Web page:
It’s Latino Conservation Action Week
Latino Conservation Action Week is July 26 to August 2 – an initiative founded by Hispanic Access Foundation to support Latino involvement in getting outdoors and protecting natural resources.
With a push this week, the members of the Latino community are demonstrating support for conservation through organized hikes, camp outings and educational events,
“Latino communities are diverse across the US. But one commonality is a connection to the outdoors and open space. We celebrate, enjoy, and conserve nuestra madre tierra guided by our culture, traditions, and hope for the future,” said José G. González, founder and director of Latino Outdoors.
Nuestra madre tierra, of course, is Our Mother Earth.
Here in the Northeast, there are plenty of members of the Latino community working hard to conserve and protect our Mother Earth. Check out this a roundup showcasing some of the good work Latino conservationists are doing:
Growing up in Puerto Rico gave Emarie Ayala-Diaz the opportunity to enjoy and explore the beach, which inspired her career in marine biology. Now, she’s a wildlife biologist at Chincoteague National Wildlife Refuge in Virginia.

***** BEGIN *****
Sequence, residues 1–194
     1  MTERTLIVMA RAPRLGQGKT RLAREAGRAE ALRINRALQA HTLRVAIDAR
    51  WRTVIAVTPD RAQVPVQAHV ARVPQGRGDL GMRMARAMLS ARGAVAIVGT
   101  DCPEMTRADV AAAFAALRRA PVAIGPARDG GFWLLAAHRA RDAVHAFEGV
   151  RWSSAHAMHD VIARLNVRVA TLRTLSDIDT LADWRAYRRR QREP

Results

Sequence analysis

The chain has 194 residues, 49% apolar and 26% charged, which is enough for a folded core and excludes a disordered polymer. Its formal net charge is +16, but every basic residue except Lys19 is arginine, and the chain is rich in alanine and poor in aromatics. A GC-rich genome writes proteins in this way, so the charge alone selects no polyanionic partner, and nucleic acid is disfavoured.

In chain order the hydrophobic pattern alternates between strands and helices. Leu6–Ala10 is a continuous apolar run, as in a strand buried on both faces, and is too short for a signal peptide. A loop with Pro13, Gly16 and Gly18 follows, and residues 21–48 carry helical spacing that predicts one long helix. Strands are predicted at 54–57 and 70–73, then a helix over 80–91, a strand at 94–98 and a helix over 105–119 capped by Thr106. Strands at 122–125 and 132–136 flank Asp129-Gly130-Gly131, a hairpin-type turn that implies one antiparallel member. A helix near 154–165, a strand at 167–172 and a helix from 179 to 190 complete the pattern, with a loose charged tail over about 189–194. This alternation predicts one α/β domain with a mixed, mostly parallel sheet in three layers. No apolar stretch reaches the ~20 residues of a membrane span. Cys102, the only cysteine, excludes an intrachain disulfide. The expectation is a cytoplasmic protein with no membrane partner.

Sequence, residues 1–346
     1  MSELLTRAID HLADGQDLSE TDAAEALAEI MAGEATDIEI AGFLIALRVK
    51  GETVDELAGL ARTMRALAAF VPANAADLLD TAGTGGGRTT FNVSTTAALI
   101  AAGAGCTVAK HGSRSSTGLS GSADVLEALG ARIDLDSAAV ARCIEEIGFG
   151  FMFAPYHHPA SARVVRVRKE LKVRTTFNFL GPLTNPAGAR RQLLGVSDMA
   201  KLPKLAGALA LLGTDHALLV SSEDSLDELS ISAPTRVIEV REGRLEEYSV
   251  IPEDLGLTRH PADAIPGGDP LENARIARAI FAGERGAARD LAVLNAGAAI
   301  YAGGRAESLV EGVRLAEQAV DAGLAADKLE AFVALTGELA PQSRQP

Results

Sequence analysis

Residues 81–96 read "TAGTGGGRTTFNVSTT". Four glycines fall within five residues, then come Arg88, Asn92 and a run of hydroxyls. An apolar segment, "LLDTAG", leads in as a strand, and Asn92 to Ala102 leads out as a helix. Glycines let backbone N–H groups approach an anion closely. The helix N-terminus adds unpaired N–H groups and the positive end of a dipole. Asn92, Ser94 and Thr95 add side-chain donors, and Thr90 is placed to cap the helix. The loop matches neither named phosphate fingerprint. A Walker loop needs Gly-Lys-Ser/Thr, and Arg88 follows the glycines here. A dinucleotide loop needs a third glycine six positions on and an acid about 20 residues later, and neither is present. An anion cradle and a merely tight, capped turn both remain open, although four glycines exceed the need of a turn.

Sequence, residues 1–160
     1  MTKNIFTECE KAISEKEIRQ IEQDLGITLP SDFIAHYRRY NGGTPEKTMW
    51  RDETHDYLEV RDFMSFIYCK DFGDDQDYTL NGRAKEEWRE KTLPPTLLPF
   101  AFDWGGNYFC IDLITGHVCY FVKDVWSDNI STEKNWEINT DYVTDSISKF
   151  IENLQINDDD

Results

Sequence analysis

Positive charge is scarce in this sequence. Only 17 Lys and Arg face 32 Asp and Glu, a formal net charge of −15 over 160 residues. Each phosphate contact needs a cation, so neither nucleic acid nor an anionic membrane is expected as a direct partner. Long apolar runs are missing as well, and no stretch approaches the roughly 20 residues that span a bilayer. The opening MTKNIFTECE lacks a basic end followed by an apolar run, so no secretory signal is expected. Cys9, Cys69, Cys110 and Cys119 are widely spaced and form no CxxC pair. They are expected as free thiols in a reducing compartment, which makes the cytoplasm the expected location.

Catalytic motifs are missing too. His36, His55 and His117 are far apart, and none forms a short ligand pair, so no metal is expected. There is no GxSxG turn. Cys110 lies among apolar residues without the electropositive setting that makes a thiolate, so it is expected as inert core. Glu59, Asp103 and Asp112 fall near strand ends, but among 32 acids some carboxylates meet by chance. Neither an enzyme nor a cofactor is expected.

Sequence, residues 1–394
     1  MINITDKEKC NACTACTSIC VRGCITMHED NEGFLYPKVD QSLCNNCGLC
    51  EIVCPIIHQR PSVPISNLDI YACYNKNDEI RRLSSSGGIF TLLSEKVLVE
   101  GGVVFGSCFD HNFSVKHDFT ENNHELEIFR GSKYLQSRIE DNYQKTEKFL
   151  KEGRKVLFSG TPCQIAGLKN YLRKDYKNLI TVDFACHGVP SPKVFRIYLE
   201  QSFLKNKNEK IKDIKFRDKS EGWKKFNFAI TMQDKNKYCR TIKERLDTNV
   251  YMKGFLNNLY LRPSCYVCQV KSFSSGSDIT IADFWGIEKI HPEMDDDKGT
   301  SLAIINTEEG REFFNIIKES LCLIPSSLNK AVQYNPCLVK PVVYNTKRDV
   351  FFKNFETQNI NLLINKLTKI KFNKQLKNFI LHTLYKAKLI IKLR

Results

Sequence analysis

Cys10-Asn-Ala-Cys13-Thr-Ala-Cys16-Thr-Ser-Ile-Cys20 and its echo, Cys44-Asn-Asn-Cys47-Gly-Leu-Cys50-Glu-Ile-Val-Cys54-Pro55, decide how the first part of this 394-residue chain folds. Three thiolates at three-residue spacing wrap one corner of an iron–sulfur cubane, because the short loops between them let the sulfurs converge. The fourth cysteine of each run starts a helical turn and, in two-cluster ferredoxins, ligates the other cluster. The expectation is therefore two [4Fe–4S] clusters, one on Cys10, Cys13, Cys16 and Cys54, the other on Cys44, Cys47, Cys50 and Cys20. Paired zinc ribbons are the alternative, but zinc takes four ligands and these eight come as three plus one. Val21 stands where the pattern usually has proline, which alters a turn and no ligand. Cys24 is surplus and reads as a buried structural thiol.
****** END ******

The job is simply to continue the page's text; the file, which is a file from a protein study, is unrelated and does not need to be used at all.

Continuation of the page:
Natalia Lopez studied climate change at the University of Puerto Rico at Humacao before undertaking a 2013 Shorebird Management Summer Internship, also at Chincoteague National Wildlife Refuge. There, she worked on monitoring breeding populations of piping plovers and other shorebirds, and even went on to represent the Service at a conference in Hawaii.
Also, check out this story about how working with the Belize Foundation for Research and Environmental Education led to farmers transitioning from intensive agriculture to sustainable agroforestry to grow cacao—restoring cleared forests for shade-grown agriculture. (In a strange twist of coincidence, the funding for this project came from a 1998 natural resources restoration settlement with the companies responsible for contaminating the Nyanza Chemical Superfund site—considered by the EPA one of the worst Superfund sites, and less than 5 miles from where I grew up in Massachusetts.)
As a bonus, check out this article from NPR highlighting the Bird Ambassadors — a group of migrant women and children that feed and shelter migratory birds in Patterson Park, Baltimore, Maryland.